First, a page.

Why didn’t we have these coloring books when we were kids?





Coloring books, Php295 at National Bookstores

Bedtime story: The Thing read-along book

August 22, 2014 By: jessicazafra Category: Books, Movies No Comments →

via the A.V. Club

Where are our Star Trek fotonovels??

The Completist Chronicles: Christopher Priest

August 21, 2014 By: jessicazafra Category: Books 2 Comments →

christopher priest

A few years ago we picked up The Separation by Christopher Priest and found we could not put it down until we had gotten to the very end. We do enjoy books that question what we know, what we remember, and what is real. Then we swore we would read everything Christopher Priest had ever written. We have yet to make good on that oath—whenever we like a book, we resolve to read all the books by that author, hence our enormous backlog—but we will get around to it. While checking out recent releases at National Bookstore, we found a reissue of an early Priest novel The Affirmation (Php315) and the 2011 novel The Islanders (Php315). And he has a new novel called The Adjacent so we should get cracking before he puts out any more books.

Binge-watching: Vikings

August 19, 2014 By: jessicazafra Category: Books, History, Television 3 Comments →

All photos from the History Channel site.

We like swords, carnage, and medieval history, so we’re watching Vikings. It’s the first drama series from the History Channel, created by Michael Hirst who was behind The Tudors, The Borgias, and Camelot.

The Vikings were a race of seafaring Nordic badasses who went on marauding expeditions to Europe, Russia, all the way to North America. They were large, terrifying warriors who not only did not fear death, they went looking for it. To die a glorious death in battle meant that they would be taken by Valkyrie maidens to Valhalla, where they would feast in the great hall of Odin.

Vikings follows the adventures of the Ragnar Lothbrok, legendary hero of Norse sagas. Here he is with an unfortunate haircut and a stare that makes him look like an inbred redneck (We hear banjoes! Flee!).


When we meet him in the first season, he is a young farmer with a wife and two small kids, but what he really wants to do is sail west to loot and pillage. That was the common job description at the time: Farmer/Marauder. His earl has grown over-cautious and doesn’t believe there’s anything in the west. So Ragnar asks his best friend Floki to secretly build a ship that can sail great distances using primitive GPS technology.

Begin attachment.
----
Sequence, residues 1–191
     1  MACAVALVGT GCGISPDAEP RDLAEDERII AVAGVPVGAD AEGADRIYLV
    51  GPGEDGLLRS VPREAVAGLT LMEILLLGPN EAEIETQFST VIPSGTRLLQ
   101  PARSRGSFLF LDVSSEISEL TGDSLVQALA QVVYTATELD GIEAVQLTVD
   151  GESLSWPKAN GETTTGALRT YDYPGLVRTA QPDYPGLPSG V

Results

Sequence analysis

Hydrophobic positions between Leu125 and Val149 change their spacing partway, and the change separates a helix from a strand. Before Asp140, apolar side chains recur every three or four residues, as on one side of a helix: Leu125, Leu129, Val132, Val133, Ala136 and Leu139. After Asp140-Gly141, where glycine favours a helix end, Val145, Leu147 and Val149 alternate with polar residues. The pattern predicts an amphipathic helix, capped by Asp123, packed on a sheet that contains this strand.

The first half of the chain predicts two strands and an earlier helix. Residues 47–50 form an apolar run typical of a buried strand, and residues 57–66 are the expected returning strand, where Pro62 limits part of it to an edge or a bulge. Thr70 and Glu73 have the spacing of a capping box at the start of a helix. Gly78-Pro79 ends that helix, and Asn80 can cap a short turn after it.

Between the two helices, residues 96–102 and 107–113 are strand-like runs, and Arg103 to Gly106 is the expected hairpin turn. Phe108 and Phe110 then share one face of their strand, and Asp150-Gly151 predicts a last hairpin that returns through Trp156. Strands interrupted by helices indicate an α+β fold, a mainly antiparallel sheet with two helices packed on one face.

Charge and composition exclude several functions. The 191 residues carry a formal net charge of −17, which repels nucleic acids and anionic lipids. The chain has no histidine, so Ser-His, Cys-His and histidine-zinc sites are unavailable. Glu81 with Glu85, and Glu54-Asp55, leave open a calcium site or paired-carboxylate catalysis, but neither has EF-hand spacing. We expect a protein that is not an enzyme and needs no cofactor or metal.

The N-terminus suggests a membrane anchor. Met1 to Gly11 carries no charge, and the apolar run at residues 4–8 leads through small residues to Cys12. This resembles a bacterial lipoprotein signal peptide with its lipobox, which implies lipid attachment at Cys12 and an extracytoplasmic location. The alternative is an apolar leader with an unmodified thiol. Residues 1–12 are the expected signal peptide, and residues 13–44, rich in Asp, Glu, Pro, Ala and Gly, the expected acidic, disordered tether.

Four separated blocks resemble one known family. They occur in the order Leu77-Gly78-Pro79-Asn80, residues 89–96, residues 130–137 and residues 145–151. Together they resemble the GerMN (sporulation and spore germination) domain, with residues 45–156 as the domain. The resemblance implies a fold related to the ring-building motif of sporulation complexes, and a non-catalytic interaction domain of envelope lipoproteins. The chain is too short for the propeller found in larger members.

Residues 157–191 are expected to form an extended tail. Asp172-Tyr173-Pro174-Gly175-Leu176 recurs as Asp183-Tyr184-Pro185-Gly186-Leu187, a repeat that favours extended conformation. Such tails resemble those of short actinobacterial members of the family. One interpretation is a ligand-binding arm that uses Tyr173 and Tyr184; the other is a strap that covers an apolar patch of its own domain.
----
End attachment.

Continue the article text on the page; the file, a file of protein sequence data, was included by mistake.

Floki is played by Gustaf Skarsgard, son of Stellan, brother of the hot vampire on True Blood. (Yup, that’s the genetic lottery for you.) We don’t watch True Blood but our sister has Alexander Skarsgard on her Google alerts and of course we’ve seen his naked GIFs. The eccentric Floki is said to be descended from the trickster god Loki (Hoy, cute si Loki ha).


Ragnar has a good-looking brother named Rollo who is a great fighter but is deeply jealous of Ragnar. Bad enough that everyone considers him the spare, but Rollo is also in love with Ragnar’s wife, the shieldmaiden Lagertha.


Some scholars believe that in Viking culture, the women could fight along with the men. Lagertha cooks and raises the children, but she also gets ticked off when Ragnar goes off marauding without her.

On one raid Ragnar captures an Anglo-Saxon monk named Athelstan, who becomes his slave and later his friend. The Athelstan character lets us see the differences between the Viking and Christian cultures. The Vikings have a very open and healthy attitude towards sex (Rollo: Where are your parents? Bjorn: They’re having sex). The Christians are stuck up and fearful, and Athelstan nervously declines when he gets invited to a threesome.

On the show the Vikings look filthy, but they were definitely cleaner than the monks, who never bathed. They live in what is now Denmark, so they should look like Nikolaj Coster-Waldau (Jaime Lannister in Game of Thrones). And if axe-wielding Nikolaj Coster-Waldaus are coming at you, surrender and ask for their autograph.

Rating: Highly recommended.

In one Comp Lit course we had to read Scandinavian sagas. Along with the Volsunga, we read the Njala, which is also called Burnt Njal. We don’t remember any of it, except that part where the hero Njal is besieged in his house and he valiantly fights off the invaders with bow and arrow. Unfortunately his bowstrings snap, so he turns to his wife and asks her to braid her hair into a bowstring. And she says something like, “Remember two months ago when you hit me?” and refuses to give her hair to his defense. She leaves, and Njal’s enemies surround his house and burn it down with him in it. That’s why it’s called Burnt Njal.